In chromotherapy, sometimes called colour therapy, the chromatherapist uses the sedative or stimulant properties of colour waves in a therapeutic manner. A coloured light source can be projected on to the human body or onto a wall, screen or ceiling in a room. So how does this natural colour therapy work? And what are the benefits of the various colours?
Chromotherapy: how does it work?
Danish doctor Niels Ryberg Finsen was the inventor of chromotherapy. He received the Nobel Prize for physiology for inventing colour therapy, using white light in the treatment of brain pathologies.
Colours play a role in our emotions and moods, and in our general state of health. Light is broken down into seven fundamental colours, which emit various vibrations:
Each colour has its own wavelength, speed and specific rhythm. These seven vibrations correspond with the seven main chakras in the human body, considered doors into the body’s energy. Each of the 7 chakras corresponds to an organ and a colour.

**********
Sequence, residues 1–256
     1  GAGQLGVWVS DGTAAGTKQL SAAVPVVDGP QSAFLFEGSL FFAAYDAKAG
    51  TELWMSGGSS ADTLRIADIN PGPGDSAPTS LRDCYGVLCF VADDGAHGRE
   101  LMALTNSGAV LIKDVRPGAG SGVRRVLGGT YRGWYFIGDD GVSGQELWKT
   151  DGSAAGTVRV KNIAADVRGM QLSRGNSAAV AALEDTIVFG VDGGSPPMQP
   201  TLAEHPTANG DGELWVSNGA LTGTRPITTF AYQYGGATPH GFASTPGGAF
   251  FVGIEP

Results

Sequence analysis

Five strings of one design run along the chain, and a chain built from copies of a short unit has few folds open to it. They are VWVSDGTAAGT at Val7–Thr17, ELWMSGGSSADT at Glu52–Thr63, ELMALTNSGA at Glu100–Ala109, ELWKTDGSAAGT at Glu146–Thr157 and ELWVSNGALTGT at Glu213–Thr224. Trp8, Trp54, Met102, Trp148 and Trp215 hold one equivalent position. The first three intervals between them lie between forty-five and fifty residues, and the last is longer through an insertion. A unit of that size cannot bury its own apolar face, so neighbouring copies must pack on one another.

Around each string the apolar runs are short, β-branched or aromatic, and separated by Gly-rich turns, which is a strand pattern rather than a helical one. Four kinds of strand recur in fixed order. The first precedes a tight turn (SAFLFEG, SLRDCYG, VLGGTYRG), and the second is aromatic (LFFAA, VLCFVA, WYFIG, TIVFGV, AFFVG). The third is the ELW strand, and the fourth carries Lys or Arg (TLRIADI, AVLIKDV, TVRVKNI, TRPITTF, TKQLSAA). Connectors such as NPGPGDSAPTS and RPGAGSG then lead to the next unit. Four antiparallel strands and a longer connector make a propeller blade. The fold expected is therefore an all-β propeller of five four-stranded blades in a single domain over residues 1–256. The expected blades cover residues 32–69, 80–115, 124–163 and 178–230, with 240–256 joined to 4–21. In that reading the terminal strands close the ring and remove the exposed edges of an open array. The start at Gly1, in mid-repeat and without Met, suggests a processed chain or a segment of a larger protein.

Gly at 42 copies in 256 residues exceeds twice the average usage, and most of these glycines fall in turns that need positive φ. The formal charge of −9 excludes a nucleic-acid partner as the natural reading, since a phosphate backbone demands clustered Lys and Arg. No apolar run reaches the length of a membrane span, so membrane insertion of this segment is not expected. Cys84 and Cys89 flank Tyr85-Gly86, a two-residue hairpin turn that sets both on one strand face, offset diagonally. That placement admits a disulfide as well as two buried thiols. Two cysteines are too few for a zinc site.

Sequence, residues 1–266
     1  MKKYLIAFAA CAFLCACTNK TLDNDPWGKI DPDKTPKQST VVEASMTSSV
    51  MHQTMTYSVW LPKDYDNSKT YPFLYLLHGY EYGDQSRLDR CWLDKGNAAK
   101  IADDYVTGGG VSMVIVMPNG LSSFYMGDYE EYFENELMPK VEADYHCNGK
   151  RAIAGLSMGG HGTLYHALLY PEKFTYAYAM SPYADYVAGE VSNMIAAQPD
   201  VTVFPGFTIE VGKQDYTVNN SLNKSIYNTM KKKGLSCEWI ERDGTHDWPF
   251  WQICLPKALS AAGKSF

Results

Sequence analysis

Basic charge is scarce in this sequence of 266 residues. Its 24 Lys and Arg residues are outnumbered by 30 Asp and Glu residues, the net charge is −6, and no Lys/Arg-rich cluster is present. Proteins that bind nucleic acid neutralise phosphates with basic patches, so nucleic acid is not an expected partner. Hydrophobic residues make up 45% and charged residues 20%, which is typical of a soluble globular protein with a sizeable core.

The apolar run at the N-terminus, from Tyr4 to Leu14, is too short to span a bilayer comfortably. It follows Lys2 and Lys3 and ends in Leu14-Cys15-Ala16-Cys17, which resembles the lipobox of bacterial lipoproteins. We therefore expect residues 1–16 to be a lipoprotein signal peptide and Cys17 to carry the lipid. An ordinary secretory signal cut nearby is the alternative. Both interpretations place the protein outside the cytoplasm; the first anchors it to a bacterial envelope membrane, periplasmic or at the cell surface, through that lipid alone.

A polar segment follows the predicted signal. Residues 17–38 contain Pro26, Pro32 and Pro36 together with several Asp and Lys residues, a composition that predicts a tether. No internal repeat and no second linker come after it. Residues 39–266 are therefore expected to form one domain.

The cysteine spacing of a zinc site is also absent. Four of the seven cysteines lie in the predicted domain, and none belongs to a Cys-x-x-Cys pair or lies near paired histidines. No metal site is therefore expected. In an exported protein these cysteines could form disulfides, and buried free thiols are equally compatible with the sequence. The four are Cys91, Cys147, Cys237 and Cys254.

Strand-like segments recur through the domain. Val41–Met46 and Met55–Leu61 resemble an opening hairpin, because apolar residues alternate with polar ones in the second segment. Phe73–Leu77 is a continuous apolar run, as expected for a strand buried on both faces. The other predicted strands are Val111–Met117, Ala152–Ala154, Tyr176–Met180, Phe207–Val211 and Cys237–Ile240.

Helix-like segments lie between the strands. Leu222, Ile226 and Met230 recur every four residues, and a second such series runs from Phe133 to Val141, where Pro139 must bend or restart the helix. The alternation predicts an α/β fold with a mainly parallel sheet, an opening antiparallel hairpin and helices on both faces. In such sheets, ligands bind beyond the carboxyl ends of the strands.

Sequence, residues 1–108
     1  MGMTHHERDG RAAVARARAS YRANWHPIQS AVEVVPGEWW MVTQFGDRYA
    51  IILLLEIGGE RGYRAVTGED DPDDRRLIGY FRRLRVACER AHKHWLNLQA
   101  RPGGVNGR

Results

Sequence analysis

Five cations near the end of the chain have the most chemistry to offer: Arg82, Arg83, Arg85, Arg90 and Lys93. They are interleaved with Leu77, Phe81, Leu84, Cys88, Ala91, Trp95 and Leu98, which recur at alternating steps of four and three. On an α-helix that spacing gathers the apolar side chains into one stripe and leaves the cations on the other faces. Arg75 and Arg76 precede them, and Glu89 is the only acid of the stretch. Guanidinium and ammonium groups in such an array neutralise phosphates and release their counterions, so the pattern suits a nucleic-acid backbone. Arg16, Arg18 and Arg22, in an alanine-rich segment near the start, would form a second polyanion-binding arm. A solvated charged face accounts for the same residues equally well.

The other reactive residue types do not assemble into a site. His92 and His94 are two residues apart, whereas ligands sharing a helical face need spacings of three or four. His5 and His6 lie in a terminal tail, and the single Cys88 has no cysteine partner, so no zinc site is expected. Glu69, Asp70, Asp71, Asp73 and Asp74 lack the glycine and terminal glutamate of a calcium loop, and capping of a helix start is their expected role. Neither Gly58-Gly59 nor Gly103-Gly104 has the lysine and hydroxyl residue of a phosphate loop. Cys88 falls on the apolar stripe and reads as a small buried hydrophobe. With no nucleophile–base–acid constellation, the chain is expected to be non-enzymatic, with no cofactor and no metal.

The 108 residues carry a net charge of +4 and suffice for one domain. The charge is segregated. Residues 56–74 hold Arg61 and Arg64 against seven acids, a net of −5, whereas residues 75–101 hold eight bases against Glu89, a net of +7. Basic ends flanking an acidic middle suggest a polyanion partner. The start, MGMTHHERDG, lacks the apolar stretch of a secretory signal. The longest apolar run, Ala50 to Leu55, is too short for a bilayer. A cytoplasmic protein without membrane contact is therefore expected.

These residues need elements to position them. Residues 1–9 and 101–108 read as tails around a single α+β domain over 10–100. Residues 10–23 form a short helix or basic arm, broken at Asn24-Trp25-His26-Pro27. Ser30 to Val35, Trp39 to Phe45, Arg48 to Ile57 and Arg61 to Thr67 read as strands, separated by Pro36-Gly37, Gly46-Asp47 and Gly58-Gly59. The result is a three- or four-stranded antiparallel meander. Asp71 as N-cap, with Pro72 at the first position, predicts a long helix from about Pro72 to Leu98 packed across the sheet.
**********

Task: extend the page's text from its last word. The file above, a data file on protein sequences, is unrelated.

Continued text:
During a chromotherapy session, you will generally be immersed in a bath of hot water, which is often fragranced with essential oils. The colour of the water may change in order to provide you with all its benefits.
Which properties go with which colours?
Here are the benefits provided by each colour, or the problems treated by each:
- red: a stimulant, notably for the liver, promotes blood circulation, eases bronchitis and rheumatism and stimulates the mind
- orange: fights fatigue, stimulates the respiratory system and helps absorb calcium, increases oxygen and sexual prowess
- yellow: treats problems in the digestive system and the lack of muscle tone, is a natural laxative, soothes eczema, stimulates the brain, fights mental fatigue and melancholy
- green: sedative, rests and strengthens eyes, moderates sexual arousal and lowers blood pressure. Also eases ulcers, insomnia and calms anxiety and anger
- blue: good for sleep problems, stress and migraines
- violet: effective for nerve problems